CLEVELAND — The timing wasn't ideal, but that was actually appropriate for the occasion. The timing, when it comes to NBA transactions, approvals or announcements, rarely is as anyone would imagine or prefer.
And so here David Griffin was, during halftime of a game against the West-contending Houston Rockets, at nearly the halfway point of an unexpectedly rocky Cavaliers regular season, sitting behind a microphone at a podium in a makeshift event-level space enclosed by a garage door.
To unveil the update:
This after Cavaliers 1.0 was, by all accounts, a bit of a bust.
"We looked at this, and we felt that if we could identify three of our biggest holes, which we identified as consistent outside shooting that didn't necessarily need the ball, in the form of J.R. [Smith]; a wing defender, in the form of Iman [Shumpert]; and a starting-caliber center with the length and defensive identity of [Timofey] Mozgov," said Griffin, who acknowledged that the early-season roster lacked grit, toughness and intensity.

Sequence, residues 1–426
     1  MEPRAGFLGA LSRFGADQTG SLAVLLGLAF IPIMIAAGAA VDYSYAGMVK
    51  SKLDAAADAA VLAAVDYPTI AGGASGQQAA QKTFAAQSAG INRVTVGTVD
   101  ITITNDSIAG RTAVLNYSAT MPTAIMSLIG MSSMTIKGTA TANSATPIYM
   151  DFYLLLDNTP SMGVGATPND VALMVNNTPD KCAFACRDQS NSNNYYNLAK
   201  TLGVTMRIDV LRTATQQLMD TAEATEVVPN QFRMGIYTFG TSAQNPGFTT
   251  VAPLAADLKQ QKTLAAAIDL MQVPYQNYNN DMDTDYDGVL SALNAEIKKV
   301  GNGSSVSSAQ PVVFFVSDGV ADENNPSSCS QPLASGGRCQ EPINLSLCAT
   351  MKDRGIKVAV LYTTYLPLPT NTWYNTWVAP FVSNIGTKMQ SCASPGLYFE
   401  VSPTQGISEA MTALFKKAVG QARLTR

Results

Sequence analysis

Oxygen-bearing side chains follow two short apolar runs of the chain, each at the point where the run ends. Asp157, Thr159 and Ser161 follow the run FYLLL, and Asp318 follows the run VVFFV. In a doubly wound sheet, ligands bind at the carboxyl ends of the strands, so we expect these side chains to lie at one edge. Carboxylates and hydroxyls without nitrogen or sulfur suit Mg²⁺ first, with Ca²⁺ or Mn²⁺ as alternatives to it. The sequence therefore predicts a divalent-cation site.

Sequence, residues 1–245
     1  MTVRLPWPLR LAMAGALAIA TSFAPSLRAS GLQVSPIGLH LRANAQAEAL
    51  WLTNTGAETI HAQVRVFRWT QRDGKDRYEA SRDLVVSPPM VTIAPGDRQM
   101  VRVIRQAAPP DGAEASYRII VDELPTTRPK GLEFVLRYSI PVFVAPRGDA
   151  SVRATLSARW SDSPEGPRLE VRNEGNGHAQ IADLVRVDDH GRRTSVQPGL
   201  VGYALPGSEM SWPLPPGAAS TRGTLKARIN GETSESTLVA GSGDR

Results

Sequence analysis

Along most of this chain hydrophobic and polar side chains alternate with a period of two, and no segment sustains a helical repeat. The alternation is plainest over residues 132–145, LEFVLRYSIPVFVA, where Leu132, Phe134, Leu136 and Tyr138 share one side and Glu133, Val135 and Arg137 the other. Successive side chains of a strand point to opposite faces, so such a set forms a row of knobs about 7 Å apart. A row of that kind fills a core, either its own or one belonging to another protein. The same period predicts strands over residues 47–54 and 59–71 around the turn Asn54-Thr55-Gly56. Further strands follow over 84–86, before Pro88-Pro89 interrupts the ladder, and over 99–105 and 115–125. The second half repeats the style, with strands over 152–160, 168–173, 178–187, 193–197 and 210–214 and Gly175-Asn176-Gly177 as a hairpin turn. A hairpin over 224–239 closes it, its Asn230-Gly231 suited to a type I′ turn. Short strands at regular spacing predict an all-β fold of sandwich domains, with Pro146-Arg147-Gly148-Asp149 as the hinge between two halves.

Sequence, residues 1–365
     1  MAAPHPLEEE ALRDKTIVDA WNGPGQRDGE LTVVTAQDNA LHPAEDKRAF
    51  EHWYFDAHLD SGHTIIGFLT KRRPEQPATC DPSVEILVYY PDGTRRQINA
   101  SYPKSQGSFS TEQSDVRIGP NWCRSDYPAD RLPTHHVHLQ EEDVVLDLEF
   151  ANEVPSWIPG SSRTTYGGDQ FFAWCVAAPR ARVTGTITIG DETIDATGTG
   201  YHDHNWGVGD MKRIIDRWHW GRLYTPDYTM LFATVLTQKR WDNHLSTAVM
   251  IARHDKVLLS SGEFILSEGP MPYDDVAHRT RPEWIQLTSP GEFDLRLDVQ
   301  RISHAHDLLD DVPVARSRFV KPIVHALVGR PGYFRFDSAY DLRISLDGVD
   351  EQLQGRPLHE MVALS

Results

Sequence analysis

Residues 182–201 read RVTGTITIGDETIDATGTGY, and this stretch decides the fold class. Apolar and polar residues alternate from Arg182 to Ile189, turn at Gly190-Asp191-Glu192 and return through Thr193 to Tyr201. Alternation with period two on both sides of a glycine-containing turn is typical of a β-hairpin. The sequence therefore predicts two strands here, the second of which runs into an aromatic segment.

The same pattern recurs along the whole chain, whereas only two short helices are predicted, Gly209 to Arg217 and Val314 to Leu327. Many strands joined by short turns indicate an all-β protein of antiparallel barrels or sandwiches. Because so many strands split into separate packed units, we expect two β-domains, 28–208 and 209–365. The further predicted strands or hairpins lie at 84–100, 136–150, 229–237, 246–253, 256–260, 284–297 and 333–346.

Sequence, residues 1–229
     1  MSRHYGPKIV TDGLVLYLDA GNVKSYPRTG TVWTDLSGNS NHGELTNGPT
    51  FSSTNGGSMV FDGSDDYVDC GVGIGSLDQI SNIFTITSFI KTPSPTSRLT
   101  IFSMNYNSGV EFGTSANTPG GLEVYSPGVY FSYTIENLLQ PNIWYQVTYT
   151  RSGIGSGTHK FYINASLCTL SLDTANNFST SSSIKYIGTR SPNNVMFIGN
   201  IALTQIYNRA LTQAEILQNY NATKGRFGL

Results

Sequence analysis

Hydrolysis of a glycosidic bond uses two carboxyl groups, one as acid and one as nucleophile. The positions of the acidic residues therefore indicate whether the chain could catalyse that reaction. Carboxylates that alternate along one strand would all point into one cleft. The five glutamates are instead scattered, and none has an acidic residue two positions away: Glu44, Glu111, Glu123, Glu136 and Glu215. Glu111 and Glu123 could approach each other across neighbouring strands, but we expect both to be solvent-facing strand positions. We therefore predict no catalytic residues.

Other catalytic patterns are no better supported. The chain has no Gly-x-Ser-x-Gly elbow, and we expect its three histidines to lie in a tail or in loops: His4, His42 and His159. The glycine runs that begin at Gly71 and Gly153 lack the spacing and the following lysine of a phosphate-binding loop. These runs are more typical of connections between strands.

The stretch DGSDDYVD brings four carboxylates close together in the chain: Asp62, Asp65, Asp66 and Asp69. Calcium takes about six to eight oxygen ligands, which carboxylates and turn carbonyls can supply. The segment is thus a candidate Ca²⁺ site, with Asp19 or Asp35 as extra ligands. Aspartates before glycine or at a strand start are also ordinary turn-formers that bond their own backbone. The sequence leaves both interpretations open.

Time to reboot and refresh, if a bit later than Griffin might have liked.
"We would have done all of these things much sooner if we could've," Griffin said. "We're fortunate that 35 games in for us, and 30-40 in for everybody else, people have now gotten to the point where they recognize the team they're going to be. If we could have done this in training camp, we would have done the same thing."
In training camp, though, no one inside or outside the Cavaliers organization expected this team, with three All-Stars combining to play 97 (of a possible 108) games, would be 19-17, stuck in the East's fifth spot, closer to eighth than fourth.
So this update—so much more than merely a patch—better work, because there won't be a version 3.0 anytime soon.
That's the primary takeaway from a whirlwind three days, in which the Cavaliers lost two games, one embarrassing (in Philadelphia) and one expected (at home to Rockets); traded three players, only one of which was anywhere near the rotation; and acquired three others, only one of which was immediately available for Wednesday's defeat, and none of which made a shot.